Unstable weather messes with fishing

Published 10:18 am Friday, June 13, 2008

Once again the weather seems to be the topic of conversation in our area. Last weekend’s continuous rains did little to settle the fish into their usual patterns. Nothing turns fish off quicker than a storm front, although you may experience good fishing at the onset of a storm it soon dissipates. Over the years I’ve experienced this many times. The barometer peaks and then begins dropping as the storm approaches, this peak is the time that the fish seem most active and as it falls they seem to get finicky. This is just a theory but one that many swear by and in all reality the barometer does have an influence on when fish will feed.

Now I’ve seen a lot of people that will fish during a thunderstorm but I’ve only seen them from a distance because it’s not the time you’ll find me on a lake or even with a line in the water. I’ve always felt that the people who fish while it’s storming and while lightning is flashing all around must be direct descendants of the person that the phrase “not enough sense to come in out of the rain” was coined after. It reminds me of that phrase in a Dirty Harry movie “do you feel lucky?”

There is a distinct difference between fishing in the rain and fishing during a thunderstorm, I’ve fished in a lot of rain and have always had an eye and ear out for any sign of lightning.

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Fishing in this area has been spotty and once again it’s a direct reflection on the weather. We had a couple of nice days in the first part of the week and the fishing started picking up along with the number of fishermen trying their luck. There have been some nice walleyes caught in Albert Lea Lake and although you may catch them any time the best time seems to be late evening. Some people swear by fathead minnows while others say leeches are the ticket. I guess it’s all in what you feel works best for you. Sunnies and crappies are also abundant in both lakes and when you find them you can have a ball, not to mention one heck of a meal.

With all this bad weather we are still fortunate that we are not in a flood zone. The farmers are experiencing some wet fields and may lose some crops but those poor people in Iowa are really in tough shape. We should consider ourselves fortunate.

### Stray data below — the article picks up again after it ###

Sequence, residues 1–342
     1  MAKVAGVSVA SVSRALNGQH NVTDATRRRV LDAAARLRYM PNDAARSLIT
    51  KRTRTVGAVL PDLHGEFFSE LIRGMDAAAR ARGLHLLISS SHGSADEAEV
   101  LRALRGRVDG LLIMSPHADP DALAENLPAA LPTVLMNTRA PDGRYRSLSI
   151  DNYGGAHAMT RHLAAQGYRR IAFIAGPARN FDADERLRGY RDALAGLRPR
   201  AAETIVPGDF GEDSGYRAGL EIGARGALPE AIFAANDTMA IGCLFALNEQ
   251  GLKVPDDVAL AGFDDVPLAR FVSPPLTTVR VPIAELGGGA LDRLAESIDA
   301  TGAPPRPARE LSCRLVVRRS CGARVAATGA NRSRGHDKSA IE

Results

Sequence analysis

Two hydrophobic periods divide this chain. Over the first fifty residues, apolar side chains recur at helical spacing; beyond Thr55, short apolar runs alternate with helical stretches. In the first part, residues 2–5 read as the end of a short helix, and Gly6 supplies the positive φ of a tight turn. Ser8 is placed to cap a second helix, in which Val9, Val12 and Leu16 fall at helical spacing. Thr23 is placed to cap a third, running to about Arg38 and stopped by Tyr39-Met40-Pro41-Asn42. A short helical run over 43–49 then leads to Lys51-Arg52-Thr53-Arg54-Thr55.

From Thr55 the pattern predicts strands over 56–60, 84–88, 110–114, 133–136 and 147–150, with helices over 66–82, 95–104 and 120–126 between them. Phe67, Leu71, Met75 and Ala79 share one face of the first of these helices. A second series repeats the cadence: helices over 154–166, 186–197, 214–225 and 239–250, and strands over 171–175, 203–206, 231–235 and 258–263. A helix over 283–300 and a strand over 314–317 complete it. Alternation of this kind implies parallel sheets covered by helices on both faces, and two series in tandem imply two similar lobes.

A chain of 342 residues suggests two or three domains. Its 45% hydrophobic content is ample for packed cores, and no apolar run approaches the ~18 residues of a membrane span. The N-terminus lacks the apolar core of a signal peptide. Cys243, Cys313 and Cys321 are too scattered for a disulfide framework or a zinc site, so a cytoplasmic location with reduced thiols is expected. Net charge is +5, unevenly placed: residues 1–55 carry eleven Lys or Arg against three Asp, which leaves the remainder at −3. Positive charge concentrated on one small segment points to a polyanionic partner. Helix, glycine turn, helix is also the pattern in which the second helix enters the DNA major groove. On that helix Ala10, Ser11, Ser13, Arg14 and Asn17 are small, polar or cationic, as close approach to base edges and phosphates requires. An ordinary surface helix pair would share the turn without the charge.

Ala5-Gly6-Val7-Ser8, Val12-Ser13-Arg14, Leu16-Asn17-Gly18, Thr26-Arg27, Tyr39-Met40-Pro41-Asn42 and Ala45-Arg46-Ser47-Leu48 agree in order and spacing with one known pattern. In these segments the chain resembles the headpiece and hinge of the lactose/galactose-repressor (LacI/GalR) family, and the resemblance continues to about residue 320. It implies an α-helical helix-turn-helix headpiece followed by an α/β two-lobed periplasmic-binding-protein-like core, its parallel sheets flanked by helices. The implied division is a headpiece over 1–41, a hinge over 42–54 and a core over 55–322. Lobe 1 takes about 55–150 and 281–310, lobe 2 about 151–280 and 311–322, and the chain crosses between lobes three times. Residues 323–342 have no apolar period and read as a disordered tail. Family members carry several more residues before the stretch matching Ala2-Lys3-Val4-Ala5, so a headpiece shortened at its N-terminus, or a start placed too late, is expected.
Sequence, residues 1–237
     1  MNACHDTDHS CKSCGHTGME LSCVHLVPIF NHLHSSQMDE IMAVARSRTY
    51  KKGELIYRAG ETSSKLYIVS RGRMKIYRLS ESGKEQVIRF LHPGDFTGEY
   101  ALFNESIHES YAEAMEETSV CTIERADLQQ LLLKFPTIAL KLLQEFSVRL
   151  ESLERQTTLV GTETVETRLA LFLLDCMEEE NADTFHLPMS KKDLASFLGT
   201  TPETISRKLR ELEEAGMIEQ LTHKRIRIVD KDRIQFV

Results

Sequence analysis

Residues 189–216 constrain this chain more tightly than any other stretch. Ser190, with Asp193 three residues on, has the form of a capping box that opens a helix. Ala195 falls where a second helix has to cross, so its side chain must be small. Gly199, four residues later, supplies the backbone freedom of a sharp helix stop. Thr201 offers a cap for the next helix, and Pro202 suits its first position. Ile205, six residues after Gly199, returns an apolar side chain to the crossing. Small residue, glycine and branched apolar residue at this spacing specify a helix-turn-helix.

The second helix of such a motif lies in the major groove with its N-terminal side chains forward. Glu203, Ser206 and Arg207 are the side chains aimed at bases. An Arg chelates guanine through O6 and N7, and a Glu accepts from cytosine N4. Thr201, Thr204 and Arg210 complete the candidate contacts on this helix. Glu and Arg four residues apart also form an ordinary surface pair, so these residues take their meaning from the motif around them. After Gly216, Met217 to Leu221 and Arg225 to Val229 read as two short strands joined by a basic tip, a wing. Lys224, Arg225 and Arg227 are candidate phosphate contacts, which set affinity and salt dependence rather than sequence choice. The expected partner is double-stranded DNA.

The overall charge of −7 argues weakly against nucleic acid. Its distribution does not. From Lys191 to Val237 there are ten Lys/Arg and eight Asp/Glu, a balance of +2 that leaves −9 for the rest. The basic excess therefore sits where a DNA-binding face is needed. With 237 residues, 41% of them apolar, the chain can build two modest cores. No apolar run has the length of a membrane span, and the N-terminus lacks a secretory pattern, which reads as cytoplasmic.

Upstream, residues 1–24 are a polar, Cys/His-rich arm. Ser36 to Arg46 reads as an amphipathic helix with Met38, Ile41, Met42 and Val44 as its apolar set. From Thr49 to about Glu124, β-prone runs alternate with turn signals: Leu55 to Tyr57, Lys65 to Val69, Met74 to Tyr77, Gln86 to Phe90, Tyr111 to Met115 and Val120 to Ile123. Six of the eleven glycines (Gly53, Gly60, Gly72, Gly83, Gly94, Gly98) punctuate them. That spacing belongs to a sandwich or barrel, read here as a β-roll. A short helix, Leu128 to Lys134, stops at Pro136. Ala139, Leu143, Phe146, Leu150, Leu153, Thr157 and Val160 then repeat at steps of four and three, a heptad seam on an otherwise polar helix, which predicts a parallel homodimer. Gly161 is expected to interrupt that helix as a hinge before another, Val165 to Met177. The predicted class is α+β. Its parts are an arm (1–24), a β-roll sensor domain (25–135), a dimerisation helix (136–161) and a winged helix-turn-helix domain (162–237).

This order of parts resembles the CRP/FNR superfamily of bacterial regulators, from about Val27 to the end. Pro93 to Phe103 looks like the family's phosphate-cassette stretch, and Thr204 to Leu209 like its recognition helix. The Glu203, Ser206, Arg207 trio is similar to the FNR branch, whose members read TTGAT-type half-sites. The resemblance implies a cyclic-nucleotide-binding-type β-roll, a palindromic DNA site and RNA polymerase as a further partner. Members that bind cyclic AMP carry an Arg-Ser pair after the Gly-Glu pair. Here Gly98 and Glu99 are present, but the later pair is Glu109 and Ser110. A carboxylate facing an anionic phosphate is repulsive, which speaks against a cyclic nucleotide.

Camping in the rain is always a special time, especially if you are in a tent. I can remember this one time when I was camping by myself at Spider Lake when it started raining during the night. The tent had a poly floor so it didn’t soak up any water. As the rain continued a significant river began to flow under the middle of the tent. Eventually the water got so high that it started seeping in where the poly ended and the nylon began. I spent the rest of the night in the pickup and in the morning found out that we’d had over 5 inches of rain. It seems like when you’re tenting nothing ever dries out completely once it gets damp.

There are some neat parts of sleeping in a tent during a thunderstorm but lying on a cot with steel legs may not be one of them. On one trip up to Spider with my son Brian and his brother-in-law Jeremy it seemed to rain all day every day, not just a soft rain or sprinkles but hard all day stuff. We had brought along a portable screen tent and finally set our portable grill on the picnic table and started burning firewood in it just to keep warm. This was in July! The times that we were able to be on the lake however, we did catch fish.

There was another time when I was camping at Spider with my brother-in-law Mike and once again tenting in the rain although this time it rained every night for four nights straight. The days were fine it was just the 3-5 inches of rain we got every night that made things a little “damp.” Once again we caught fish whenever we got on the lake. Mike still reminds me of the hole I burned in the floor of his tent when I dropped a match while lighting a lantern.

All in all I guess you could say that rain might hinder fishing but not always hurt it.

Here is an interesting report from the Minnesota DNR.

Minnesota Department of Natural Resources (DNR) wildlife managers have reported an increase in nuisance bear complaints in recent weeks. Most bear sightings are in rural northern Minnesota, but bears have also been spotted in the Brainerd area and Minneapolis-St. Paul suburbs.

“This is a tough time of year for bears,” said Mark Spoden, DNR assistant area wildlife manager in Grand Rapids. “After hibernation, they are hungry. When berries and vegetation are scarce, bears are often tempted by dog food, livestock feed, birdseed, barbecues, compost or garbage.”

In addition, female bears are chasing away last year’s offspring. These young bears are inexperienced at finding food and searching for territories of their own. They are the most likely to show up in places where they aren’t welcome.

“If a bear enters your yard, don’t panic and don’t approach the bear,” said Spoden. “Always leave the bear an escape route. Everyone should leave the area and go inside until the bear leaves. A treed bear should be left alone as well. It will leave once the area is quiet.”

Bears are normally shy and usually flee when encountered, but they may defend an area if they are feeding or are with their young. They are unpredictable wild animals. Although they rarely injure people, they are potentially dangerous because of their size, strength and speed.

This is only part of an interesting news release by the DNR to read more go to www.dnr.state.mn.com

Until next time, take a little time to enjoy the outdoors – good luck, play safe and good “fishin’.”

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